Compile errors when using form control's "Control Source" property to refer to the control's value

Compile errors when using form control's "Control Source" property to refer to the control's value

Post by yari » Fri, 05 Nov 2004 13:03:33


Hello!

Please, help me to solve this puzzle:

(1) We have a heap of legacy Access 2000 code that frequently uses the
following trick: when a value of some bound control is necessary, the
code refers to that control using its "Control Source" property value
(instead of, say, using the control's "Name" property value). For
example, if there is a bound text field named "txt88" and having its
"Control Source" set to "CustomerName" (which is a name of the
corresponding field in the underlying recordset), the code looks like

strName = Me.CustomerName (a)

instead of "classic"

strName = Me.txt88 (b)


(2) We have two computers with installations of MS Access 2000 + MS
Office Developer 2000 where this code is being maintained/developed.


The puzzle is that on one of those computers the code like (a)
compiles without a hitch, but on another computer each occurence of
code like (a) causes VBA compiler to issue an error ("Method or data
member not found"). Could somebody shed some light of why could
compiler on the second computer complain about code like (a)?

(The only difference between two computers and their software
configurations that I can easily describe is that the second computer
-- where compiler complains -- was set up recently, whereas the first
computer has been set up a long time ago and nobody remembers what
could have been installed there after basic MS Office + MS Office
Developer stuff.)


Thank you,
Yaroslav.
 
 
 

Compile errors when using form control's "Control Source" property to refer to the control's value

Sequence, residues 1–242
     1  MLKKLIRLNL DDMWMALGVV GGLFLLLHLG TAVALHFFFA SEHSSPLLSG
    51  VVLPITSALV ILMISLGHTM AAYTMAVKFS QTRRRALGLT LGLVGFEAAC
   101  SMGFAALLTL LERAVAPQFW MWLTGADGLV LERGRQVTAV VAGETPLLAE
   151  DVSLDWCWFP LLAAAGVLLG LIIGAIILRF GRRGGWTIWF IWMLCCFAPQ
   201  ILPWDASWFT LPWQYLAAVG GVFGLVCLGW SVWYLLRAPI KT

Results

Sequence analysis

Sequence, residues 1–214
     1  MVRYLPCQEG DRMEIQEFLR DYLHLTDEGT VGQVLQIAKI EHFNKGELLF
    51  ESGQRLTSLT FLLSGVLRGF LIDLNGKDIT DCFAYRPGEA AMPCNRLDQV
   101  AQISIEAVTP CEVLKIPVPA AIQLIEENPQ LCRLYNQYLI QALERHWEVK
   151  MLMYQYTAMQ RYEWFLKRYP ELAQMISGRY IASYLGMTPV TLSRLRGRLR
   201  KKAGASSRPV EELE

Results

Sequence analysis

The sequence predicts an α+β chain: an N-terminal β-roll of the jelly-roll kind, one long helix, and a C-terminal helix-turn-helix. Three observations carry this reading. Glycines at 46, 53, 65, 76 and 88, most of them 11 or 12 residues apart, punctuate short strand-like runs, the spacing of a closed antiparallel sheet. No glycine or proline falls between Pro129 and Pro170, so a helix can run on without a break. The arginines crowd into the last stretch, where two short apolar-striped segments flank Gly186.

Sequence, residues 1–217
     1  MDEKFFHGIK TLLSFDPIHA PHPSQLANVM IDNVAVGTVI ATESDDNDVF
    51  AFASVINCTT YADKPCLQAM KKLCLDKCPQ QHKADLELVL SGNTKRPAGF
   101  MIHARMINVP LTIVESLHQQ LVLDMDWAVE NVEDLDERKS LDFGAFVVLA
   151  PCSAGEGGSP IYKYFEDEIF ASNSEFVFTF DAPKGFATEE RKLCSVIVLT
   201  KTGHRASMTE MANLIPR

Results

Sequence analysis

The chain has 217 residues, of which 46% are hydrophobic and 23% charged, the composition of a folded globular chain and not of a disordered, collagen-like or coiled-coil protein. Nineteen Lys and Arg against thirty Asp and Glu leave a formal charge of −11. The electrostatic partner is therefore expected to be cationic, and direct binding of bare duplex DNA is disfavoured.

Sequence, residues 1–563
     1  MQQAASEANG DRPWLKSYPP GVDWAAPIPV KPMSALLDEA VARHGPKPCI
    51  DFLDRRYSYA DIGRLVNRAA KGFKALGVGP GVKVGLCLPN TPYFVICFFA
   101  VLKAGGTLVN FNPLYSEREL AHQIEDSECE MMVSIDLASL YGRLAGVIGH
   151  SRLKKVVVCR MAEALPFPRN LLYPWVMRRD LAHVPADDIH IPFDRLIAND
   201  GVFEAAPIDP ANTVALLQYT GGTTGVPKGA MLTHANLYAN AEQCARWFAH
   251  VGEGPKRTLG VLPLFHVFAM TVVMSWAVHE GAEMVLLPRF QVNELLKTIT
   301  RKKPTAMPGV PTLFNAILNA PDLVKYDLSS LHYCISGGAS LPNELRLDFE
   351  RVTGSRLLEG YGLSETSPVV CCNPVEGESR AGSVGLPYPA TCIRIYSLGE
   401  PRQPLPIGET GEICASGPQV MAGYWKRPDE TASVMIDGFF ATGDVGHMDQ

Post by Allen Brow » Fri, 05 Nov 2004 13:34:50

es, there are quirks that show up intermittently here.
You can work around the problem with:
strName = Me!CustomerName

Access tries to be too clever. If you have both a field and a text box named
CustomerName, then
Me.CustomerName
is resolved as an object of type TextBox. If there is no text box by that
name, the reference is resolved as an object of type AccessField, and the
problem is associated with that type. For example, if you enumerate the
Controls of the form, naturally enough those that are just an AccessField
are not listed, and are not counted in Me.Controls.Count. However, the
reference:
Me.Controls("CustomerName")
*does* work, even though we just showed that the AccessField is *not* part
of the Controls collection.

The bug you refer to seems to be related to this inconsistent attempt to
recognise things that are but are not part of the collection. It works
sometimes. Then for no apparent reason, you make an unrelated design change
and it suddenly stops being able to recognise the AccessField. The best
workaround is to *always* use the bang and not the dot to reference the
AccessFields. The annoying part is that misspellings are not caught at
design time (which is why I generally prefer the dot), but it seems the only
foolproof way around this issue.

There's a much worse bug related to this in Access 2002 and 2003. Most
people don't display the foreign key in a subform because it's shown on the